- Boost brainpower! – cardiovascular exercise creates new brain cells (in a process called neurogenesis) and improves overall brain performance.
So, indoor or outdoor, exercise can be a game-changer, especially in times of social isolation.
Some training platforms also allow for group rides, which bring a level of social interaction back, also good for a mood-boost & great way to feel connected & keep loneliness at bay.
Equipment for Indoor Cycling: Trainers vs Rollers?
There are so many options on the market for indoor trainers to keep you pedalling.
The first thing to consider is that a trainer will give you greater options for drills than rollers. Rollers are great for high cadence, pre-race warm-ups but are really difficult for out & out efforts (unless you have serious skills!) That said, rollers are better at simulating the actual feel of riding a bike & force you to keep a steady core.
A great trainer with awesome reviews, this is setting the standard for the industry. At 21 kgs its incredibly stable & there’s no need to wreck your tyres as the bike mounts directly onto the built in cassette. The ride feel is realistic & the trainer is also really quiet – great for respecting your neighbours, family members or housemates. The Wahoo Kickr is compatible with pretty much everything. It measures power and is great to use in conjunction with Zwift (see below).
The lightweight version of the Wahoo Kickr, the Kickr Core is a great piece of kit for those on more of a budget. It features a great ride feel, belt-drive transmission for a quiet training session & full connectivity to all devices. The Core features a smaller fly-wheel & is lighter. But for the money, is an excellent option.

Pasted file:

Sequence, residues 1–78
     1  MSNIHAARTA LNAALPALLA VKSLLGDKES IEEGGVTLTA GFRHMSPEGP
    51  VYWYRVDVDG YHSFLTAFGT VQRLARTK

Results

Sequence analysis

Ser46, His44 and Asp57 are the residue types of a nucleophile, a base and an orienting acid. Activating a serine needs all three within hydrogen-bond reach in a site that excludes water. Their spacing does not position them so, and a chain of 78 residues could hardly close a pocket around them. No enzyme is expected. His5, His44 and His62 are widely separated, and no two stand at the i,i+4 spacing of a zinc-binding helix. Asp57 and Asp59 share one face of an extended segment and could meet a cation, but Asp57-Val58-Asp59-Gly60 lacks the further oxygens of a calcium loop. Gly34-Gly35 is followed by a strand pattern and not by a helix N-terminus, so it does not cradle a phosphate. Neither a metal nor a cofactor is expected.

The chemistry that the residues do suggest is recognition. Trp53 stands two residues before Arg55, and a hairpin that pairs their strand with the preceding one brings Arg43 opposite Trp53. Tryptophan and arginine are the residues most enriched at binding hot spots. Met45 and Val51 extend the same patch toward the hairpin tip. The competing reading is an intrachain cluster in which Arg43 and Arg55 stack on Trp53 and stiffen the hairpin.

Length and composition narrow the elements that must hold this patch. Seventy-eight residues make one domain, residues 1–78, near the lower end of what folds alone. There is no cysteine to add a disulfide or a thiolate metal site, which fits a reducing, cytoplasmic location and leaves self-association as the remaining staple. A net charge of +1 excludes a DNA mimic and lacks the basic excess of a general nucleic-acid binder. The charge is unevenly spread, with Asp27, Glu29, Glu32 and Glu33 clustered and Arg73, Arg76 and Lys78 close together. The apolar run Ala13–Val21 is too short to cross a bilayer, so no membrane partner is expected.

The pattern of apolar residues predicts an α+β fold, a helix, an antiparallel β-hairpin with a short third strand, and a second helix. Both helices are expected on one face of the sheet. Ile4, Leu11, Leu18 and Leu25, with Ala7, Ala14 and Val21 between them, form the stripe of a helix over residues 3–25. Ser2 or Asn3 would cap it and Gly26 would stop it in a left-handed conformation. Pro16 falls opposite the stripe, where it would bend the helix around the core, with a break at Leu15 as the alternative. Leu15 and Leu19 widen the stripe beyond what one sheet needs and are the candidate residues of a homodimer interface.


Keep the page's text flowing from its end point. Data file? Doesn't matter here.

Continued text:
Platforms for Indoor Training
Zwift is becoming a synonym for indoor training. Ride in an immersive virtual world, compete against others & customise your ride to gain an advantage. Social integration is a key feature – you can plan group rides & races with your friends. The missing piece is voice chat – but it’s still great fun & hugely popular.
A different approach to indoor training which doesn’t rely on virtual reality to be fun. Enjoy great music & structured workouts developed by APEX Coaching’s Neal Henderson. They also have Yoga, Strength Training, and Mental Fitness videos to make you a more well-rounded athlete.
A completely different experience which requires heavy upfront in investment in the peloton exercise bike. Then enjoy access to a huge library of spin classes. Whilst this is hugely popular in the USA it’s a great option for general fitness, but not for out & out cyclists.
Bike Rumour do a great job of compiling & comparing ten training apps on their latest Indoor Training article.
Alternative Exercise For Cyclists in Isolation
Don’t have access to an indoor trainer or software? There is a huge amount you can do to develop your strength on the bike without actually going near a bike. Spend time building your core strength, leg strength & flexibility. Work on specifics like activating your glutes for maximum impact when you get back on the bike.
You can trawl You Tube for exercises that work for you, or consider working with a coach for a custom plan designed around you & your goals.